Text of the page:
Even as Lockheed Martin chairman Robert Stevens warns of mass layoffs if sequestration hits, his company has been doing remarkably well this year, with revenue up 6 percent this quarter and earnings up 26 percent, according to an analysis by Motley Fool’s Rich Smith.
Boeing has done even better, with 58 percent earnings growth, thanks largely to its commercial aircraft sales. Raytheon basically stayed even on revenue but gained 17 percent on earnings, while General Dynamics and Northrop Grumman declined on both measures. Smith called Northrop’s problems puzzling, given its strong position in unmanned aerial vehicles (although its Block 30 Global Hawk faces cancellation) and its undervalued price-to-earnings ratio.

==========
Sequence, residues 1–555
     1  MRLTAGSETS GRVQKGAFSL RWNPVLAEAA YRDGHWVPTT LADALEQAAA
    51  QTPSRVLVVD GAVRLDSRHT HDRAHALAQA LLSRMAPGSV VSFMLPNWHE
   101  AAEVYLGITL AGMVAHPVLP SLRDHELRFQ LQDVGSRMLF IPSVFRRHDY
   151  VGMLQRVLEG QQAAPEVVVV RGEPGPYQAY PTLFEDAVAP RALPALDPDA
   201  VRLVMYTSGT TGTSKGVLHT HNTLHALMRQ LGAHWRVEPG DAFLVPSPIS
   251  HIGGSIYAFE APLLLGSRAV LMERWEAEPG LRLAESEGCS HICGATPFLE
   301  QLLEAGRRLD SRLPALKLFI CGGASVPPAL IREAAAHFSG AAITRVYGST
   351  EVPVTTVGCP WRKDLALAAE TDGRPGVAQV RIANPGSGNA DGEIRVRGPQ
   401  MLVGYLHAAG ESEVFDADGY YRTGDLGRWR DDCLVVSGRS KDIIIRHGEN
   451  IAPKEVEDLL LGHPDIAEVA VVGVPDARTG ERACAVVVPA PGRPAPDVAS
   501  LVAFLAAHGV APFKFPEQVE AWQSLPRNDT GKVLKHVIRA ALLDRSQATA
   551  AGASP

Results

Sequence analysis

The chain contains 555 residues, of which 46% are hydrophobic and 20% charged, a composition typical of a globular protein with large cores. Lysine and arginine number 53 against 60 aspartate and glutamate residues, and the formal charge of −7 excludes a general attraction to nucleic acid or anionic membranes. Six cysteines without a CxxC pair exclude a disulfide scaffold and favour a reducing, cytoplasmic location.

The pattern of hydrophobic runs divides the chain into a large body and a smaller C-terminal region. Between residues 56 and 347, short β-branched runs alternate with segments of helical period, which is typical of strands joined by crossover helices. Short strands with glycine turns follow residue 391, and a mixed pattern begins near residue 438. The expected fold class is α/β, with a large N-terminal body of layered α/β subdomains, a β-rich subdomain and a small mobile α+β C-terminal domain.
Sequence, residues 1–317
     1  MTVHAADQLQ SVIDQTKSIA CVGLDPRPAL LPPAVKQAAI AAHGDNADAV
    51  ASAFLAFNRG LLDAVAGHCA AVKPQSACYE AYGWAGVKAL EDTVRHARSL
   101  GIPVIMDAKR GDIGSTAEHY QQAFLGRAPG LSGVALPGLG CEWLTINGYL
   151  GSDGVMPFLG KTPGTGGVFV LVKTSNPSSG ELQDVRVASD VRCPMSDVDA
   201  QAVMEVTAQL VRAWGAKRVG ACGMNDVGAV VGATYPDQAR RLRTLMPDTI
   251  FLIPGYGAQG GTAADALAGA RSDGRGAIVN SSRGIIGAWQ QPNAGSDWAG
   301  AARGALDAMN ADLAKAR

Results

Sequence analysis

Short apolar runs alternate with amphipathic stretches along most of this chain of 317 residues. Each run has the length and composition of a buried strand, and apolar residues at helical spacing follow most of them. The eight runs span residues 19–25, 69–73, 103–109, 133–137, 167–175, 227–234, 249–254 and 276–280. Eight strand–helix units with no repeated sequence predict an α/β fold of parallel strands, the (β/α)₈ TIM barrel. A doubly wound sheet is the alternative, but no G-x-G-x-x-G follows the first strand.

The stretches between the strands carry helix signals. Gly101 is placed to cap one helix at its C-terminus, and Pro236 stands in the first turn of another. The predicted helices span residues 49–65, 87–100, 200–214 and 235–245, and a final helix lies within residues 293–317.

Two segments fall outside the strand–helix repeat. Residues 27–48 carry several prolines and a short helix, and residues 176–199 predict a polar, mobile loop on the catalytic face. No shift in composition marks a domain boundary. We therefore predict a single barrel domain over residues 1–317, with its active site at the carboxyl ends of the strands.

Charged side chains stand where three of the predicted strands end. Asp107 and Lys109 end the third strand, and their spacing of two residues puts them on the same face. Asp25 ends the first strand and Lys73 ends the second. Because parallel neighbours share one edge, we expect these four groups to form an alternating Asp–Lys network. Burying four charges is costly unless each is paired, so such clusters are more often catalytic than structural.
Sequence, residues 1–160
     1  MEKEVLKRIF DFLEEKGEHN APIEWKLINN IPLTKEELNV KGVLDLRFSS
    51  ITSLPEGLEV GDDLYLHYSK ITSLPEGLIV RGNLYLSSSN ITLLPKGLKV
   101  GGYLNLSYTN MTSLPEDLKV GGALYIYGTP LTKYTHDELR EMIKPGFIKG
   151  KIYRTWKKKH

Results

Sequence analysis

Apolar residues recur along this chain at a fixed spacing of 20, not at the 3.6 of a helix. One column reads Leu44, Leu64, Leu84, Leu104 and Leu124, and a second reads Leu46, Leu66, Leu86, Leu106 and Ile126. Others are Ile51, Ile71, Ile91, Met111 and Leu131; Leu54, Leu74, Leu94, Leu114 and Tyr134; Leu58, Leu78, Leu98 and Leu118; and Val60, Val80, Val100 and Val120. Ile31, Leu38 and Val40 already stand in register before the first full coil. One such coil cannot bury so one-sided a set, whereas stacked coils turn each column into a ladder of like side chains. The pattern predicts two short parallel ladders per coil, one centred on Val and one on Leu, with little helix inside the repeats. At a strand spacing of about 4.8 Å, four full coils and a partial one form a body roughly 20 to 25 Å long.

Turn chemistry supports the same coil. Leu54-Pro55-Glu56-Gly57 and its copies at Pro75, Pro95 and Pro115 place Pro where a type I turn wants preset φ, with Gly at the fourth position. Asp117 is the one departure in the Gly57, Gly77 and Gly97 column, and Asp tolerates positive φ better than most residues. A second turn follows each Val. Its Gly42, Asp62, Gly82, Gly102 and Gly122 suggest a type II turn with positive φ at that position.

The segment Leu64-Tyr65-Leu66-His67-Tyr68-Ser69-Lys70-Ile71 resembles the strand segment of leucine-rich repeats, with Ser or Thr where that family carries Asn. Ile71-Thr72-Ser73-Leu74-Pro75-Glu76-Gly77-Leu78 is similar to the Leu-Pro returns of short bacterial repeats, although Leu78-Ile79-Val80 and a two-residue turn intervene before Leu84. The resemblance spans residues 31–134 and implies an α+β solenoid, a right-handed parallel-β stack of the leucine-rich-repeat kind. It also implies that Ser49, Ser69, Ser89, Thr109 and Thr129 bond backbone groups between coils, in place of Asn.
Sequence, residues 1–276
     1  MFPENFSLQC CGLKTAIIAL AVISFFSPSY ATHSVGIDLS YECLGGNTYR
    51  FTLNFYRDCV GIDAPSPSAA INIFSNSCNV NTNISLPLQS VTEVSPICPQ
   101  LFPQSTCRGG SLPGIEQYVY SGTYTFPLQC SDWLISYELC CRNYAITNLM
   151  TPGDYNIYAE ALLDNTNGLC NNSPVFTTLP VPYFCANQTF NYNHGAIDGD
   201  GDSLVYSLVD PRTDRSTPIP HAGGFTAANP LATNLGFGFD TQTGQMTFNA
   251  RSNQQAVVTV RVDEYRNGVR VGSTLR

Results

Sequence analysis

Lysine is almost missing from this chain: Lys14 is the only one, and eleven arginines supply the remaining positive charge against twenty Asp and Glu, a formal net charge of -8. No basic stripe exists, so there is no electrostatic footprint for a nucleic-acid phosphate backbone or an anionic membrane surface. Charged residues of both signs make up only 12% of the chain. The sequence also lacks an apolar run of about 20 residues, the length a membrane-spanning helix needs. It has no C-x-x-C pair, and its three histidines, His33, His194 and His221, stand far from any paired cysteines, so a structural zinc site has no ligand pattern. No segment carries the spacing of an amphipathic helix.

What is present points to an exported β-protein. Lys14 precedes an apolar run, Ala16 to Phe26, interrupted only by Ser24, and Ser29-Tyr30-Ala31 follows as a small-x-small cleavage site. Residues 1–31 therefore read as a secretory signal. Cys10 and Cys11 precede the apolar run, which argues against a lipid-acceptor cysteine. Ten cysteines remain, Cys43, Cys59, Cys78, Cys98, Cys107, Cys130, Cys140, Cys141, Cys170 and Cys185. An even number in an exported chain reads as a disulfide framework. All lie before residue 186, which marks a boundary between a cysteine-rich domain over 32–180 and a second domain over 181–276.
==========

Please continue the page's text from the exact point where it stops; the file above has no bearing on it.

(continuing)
While sequestration may already be having a chilling effect on investment and on small business, the axe has yet to fall for the biggest defense companies. At least the mainstream press is beginning to pay attention to the story.